Transitioning from the Boardroom to the Spare Bedroom
As of 2018, 3.6% of the U.S. employee workforce currently work from home at least half-time or more. But now as many cities remain on stay-at-home orders due to the coronavirus pandemic more employees are joining the remote workforce. For those who have never, or rarely worked from home the transition can be difficult which is why it is important to know how to work from home effectively.
Know the Ground Rules
Does your employer require you to work a set nine-to-five schedule, or is there flexibility? What tools and tech do you need to do your job as you would in the office? Do you need to install Zoom or Skype for video conferencing, or Slack or Microsoft Teams for group chats? These are things that are now needed when working from home. Make sure your employer spells out the ground rules as well as making sure you have any needed equipment such as laptops and all needed passwords and logins. It is important that while you may be working from home you are operating the same as you would if you were in the office.
Set Up a Functional Workspace
Not everyone has a designated home office or a desk to do their work, but it is still vital to have a private, quiet space for you to do work. Your new “office” should be an area that mentally prepares you for work mode. One of the best alternatives to a home office would be a spare or guest bedroom that you could turn into a makeshift home office. Not only is it a room you rarely use but it most likely has a door allowing you to shut out any distractions.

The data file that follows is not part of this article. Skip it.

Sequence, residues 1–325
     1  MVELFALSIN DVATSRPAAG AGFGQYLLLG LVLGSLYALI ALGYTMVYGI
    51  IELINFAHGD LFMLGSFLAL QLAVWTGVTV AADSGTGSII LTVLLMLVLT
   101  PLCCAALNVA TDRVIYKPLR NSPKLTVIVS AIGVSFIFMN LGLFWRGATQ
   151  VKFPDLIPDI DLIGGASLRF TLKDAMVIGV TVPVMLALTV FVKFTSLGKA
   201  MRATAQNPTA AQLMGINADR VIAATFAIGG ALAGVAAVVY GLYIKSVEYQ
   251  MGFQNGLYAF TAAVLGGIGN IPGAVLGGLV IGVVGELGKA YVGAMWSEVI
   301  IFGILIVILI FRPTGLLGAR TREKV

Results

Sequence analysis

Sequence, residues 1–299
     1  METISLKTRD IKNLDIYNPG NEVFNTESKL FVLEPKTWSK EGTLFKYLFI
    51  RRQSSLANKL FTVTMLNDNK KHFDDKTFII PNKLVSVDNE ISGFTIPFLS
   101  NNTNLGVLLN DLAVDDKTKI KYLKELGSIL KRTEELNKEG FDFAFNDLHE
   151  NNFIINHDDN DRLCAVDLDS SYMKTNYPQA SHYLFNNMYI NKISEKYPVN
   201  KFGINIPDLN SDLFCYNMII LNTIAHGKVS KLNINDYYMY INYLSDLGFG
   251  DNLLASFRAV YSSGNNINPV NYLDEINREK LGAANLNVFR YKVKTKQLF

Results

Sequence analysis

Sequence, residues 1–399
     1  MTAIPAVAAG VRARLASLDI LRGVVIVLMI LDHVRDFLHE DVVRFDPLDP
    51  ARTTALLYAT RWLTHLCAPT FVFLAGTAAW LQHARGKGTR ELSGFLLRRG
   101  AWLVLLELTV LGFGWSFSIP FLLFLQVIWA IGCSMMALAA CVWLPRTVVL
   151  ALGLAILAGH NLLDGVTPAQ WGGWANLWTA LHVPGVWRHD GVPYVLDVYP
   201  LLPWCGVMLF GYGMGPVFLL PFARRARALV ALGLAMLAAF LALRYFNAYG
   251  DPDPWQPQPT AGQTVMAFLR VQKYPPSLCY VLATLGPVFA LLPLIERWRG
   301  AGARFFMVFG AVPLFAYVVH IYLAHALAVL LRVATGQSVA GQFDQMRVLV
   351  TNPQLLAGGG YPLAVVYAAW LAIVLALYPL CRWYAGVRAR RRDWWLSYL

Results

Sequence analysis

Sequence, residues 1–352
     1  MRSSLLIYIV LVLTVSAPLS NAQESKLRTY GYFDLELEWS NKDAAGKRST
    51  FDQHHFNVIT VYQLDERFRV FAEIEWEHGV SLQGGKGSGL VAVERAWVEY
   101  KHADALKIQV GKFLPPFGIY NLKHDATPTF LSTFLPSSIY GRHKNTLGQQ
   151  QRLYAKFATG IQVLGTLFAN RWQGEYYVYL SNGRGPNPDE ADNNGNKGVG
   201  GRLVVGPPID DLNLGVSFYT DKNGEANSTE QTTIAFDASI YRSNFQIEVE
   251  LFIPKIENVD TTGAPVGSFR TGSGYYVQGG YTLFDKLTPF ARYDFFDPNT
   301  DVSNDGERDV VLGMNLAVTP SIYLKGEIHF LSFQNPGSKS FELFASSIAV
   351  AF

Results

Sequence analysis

However, if you do not have a separate room to work in things like your dining room or kitchen table or a small desk set up in the corner of your living room also works. The most important thing is to not set up your working space in a place you would go to relax. That means avoiding your bedroom and your sofa at all possible costs. Your new working area needs to be a place that both you and the other members of your household know are designated for work. By doing this it becomes easier for you to differentiate between work and personal time.
Another big issue when working remotely is learning how to minimize distractions. It is important to make sure everyone in your household knows when you will be working and that when you are working, you are not available to engage in idle chit chat.
Shared spaces can get noisy, so if your workspace is not isolated consider investing in noise-canceling headphones. Not only will they help drown out any background noise and help you avoid getting distracted, but they can signal to others you are not to be disturbed.
However, this pandemic has created another layer of difficulty as many parents have had to take on the additional role of teacher. If possible, try setting up a detailed schedule for both you and your children, this way they know when they should be working and when you are available to help them. If you have younger children and a significant other at home with you, set up a care schedule between the two of you.
When it comes to business meetings try to avoid having your children (and pets) in them. While yes, they may be adorable, they will only provide further distractions for both you and your co-workers.
As COVID-19 continues to change our way of life and way of doing business, it is important to remember that working from is not a perfect science. Instead, it is all about finding what works best for you.
We will probably never get used to living in a world with a global pandemic. A world with so many uncertainties and unknowns. That is why it is important to find structure and balance wherever you can. And as we adjust to life amid COVID-19 know that we will get through this, together.